To better understand the nature and importance of standardising police supervision and support of Speedwatch, it is essential to put the purpose of the scheme into perspective with how the police are structured nationally.

There are 43 territorial police forces in the UK each providing services for their respective area. Needless to say that with so many autonomous forces essentially doing the same thing in their own regions but with several variations over the same theme tailored to meet their local interpretation, priorities, societal and demographic makeup, etc., differences rather than synergies set them apart.

The involvement of volunteers and members of the public is only one area where there exists significant differences in approach and perception. With regard to Speedwatch, however, these differences most often only relate to what role the scheme plays in the overall strategy; its relevance, efficacy, and perceived necessity rather than an outright rejection of volunteers as a valuable resource in addition to conventional policing assets.

Seen from a community and road safety perspective, it is important also to keep in mind that there is no statutory duty on the police to reduce road traffic collisions over their general duty to prevent crime. In some areas, road safety is totally absent from the policing agenda. This fact makes it so much more important that communities can be actively involved and help address the problem of speeding as an integral but autonomous part of the neighbourhood policing programme.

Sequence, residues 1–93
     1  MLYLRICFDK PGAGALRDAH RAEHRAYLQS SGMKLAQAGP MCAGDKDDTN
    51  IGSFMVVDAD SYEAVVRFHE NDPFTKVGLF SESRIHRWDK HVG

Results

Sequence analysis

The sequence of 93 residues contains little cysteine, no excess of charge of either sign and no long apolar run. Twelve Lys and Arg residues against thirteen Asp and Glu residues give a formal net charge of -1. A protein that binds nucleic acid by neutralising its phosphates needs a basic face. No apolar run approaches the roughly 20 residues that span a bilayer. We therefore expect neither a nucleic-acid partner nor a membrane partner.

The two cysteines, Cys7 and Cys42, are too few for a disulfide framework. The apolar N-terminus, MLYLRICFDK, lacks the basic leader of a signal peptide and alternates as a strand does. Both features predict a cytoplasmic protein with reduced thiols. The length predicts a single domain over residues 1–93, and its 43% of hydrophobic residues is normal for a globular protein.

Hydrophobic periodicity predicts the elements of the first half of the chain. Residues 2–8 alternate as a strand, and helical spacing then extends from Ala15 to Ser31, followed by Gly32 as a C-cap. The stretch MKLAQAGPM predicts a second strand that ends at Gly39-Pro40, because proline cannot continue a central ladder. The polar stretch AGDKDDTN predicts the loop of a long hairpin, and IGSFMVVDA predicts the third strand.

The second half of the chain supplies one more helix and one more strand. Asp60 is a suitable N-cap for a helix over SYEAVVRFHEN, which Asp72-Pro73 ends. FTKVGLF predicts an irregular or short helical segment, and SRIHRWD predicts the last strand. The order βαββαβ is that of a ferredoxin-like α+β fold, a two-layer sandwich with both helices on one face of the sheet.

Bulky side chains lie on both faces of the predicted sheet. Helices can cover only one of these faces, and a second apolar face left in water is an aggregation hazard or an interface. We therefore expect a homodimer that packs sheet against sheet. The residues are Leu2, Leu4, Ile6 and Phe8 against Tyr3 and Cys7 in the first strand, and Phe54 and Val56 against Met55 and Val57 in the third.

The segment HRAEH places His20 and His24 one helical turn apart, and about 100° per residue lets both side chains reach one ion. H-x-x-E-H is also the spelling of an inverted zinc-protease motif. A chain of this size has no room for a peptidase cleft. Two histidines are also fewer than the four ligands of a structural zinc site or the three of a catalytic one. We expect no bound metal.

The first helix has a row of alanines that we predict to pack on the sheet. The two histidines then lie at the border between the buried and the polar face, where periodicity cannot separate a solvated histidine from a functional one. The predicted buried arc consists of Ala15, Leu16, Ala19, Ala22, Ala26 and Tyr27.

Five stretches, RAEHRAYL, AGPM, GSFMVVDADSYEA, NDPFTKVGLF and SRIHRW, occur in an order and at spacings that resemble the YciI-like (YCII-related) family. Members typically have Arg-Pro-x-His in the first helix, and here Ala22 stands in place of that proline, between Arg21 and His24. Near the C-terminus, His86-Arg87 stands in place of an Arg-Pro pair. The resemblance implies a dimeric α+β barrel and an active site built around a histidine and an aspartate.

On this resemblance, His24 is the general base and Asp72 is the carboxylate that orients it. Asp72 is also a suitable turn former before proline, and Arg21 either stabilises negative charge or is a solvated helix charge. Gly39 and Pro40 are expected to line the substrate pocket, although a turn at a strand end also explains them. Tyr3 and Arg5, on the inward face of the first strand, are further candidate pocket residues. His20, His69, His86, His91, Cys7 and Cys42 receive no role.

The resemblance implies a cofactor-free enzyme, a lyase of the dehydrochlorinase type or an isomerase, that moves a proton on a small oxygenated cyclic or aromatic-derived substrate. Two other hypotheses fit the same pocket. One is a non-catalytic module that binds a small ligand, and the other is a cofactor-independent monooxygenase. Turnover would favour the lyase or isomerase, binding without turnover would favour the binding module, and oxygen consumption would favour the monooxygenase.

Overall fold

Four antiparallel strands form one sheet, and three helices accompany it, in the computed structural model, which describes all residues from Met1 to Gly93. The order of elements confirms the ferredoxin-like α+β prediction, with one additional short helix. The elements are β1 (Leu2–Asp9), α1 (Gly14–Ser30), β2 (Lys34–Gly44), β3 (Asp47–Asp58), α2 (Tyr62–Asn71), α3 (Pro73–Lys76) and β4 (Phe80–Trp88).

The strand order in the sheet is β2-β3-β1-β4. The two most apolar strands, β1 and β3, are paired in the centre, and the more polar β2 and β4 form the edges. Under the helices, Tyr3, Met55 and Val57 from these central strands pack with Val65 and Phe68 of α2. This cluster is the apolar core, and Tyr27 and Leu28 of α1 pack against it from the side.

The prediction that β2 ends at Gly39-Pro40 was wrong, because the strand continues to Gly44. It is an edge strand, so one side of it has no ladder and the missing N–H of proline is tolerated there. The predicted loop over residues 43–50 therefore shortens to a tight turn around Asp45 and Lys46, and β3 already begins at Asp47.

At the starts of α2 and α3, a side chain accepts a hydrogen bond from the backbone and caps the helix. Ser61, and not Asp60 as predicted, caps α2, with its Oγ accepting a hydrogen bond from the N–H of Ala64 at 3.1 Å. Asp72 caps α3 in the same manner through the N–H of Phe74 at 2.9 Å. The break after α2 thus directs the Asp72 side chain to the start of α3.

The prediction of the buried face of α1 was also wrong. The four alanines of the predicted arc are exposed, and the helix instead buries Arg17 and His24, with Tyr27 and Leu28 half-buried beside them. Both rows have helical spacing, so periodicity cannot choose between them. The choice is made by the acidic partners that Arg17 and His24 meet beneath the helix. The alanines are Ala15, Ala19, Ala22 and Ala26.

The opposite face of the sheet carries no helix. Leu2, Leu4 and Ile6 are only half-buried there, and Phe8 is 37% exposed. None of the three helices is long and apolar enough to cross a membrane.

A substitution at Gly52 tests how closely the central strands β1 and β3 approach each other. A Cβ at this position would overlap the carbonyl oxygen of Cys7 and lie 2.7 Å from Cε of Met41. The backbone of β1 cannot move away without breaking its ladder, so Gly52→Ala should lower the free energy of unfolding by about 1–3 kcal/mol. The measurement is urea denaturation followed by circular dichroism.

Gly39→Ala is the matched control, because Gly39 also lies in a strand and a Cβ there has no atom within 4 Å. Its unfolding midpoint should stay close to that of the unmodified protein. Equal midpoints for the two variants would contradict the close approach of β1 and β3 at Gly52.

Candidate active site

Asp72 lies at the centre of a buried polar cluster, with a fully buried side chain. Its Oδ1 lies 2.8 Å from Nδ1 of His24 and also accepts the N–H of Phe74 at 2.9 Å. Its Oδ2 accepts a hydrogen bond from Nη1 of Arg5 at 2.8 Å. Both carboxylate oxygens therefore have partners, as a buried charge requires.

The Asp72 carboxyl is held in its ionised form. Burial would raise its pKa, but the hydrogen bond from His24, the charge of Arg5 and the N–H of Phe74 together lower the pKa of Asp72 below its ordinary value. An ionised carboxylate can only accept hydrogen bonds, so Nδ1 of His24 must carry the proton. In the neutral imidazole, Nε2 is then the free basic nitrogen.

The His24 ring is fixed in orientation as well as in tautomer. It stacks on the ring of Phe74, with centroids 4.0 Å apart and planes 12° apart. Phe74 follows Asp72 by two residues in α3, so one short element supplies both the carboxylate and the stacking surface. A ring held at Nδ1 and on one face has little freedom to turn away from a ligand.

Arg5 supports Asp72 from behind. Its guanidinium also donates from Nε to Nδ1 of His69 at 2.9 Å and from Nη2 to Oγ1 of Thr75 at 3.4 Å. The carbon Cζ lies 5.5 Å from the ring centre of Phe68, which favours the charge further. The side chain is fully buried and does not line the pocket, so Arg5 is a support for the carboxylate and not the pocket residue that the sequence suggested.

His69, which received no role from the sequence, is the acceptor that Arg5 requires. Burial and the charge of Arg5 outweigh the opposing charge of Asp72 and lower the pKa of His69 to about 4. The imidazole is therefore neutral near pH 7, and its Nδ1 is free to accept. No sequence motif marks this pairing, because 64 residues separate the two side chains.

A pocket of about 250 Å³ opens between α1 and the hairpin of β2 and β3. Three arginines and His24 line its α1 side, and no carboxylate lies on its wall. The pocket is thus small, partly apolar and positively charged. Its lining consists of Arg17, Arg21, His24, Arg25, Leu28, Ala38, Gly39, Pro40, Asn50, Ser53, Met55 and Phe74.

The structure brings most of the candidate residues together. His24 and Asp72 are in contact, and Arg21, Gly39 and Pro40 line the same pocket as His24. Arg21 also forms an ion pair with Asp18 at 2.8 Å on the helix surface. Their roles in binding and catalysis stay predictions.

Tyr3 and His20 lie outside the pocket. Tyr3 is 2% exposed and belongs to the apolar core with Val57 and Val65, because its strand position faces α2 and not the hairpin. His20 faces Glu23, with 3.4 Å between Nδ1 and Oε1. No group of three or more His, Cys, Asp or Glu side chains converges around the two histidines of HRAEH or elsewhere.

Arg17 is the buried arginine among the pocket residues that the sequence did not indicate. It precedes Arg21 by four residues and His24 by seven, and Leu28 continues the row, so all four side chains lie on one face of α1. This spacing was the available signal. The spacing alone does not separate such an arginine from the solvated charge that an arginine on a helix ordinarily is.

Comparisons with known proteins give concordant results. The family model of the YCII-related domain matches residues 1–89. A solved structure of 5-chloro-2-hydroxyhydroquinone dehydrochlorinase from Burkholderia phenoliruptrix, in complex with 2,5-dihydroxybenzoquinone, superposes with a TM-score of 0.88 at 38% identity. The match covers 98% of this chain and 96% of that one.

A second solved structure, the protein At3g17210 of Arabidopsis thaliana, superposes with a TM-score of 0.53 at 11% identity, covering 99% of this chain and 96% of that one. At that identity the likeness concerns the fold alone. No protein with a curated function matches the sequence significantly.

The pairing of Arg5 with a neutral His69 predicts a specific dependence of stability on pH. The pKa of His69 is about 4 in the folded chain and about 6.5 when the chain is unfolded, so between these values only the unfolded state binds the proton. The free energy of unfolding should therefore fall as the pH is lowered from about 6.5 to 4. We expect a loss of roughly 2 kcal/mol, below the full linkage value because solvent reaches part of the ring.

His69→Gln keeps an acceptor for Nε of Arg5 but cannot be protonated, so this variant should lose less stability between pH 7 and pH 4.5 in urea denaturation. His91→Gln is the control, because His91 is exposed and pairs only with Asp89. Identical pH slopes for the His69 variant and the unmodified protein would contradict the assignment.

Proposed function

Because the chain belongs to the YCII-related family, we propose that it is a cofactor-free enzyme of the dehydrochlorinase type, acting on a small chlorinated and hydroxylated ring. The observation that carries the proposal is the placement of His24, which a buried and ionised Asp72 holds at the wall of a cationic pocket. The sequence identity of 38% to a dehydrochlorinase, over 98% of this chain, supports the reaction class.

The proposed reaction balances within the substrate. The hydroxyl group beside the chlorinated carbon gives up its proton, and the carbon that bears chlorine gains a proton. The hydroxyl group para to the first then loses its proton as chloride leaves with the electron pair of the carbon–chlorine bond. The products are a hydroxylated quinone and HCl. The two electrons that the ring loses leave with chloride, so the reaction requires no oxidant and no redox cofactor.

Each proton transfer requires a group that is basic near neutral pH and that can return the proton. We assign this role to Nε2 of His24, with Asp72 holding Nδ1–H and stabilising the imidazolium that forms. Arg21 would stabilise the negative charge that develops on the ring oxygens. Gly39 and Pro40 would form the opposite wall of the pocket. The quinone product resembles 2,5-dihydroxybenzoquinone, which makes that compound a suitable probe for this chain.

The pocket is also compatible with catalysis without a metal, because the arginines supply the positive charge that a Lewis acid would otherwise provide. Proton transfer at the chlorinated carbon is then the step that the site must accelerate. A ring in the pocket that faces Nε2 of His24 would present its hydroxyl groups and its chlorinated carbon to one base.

Offending knows no boundaries

Our national road network go beyond the local geographical boundaries of police forces. It enables vehicles to travel hundreds of miles across numerous local police area boundaries in a short space of time. It is therefore essential that road users habitually exceeding the speed limits have their recorded offences collated nationwide irrespective of where they are observed.

It is the disjointedness of the 43 police forces that causes the running of isolated, localised Speedwatch schemes to be more difficult than is necessary.

Contrary to the police's many remits, Speedwatch has only one purpose: to address the problem of speeding in local areas by educational means. Because of this singular remit, unifying the schemes under one uniformly methodical approach is far simpler than unifying all the UK police forces with their plethora of remits, priorities, and localised issued not necessarily on their neighbouring police force colleagues' agenda.

Local Community Speedwatch schemes are better served when they are joined up nationwide.
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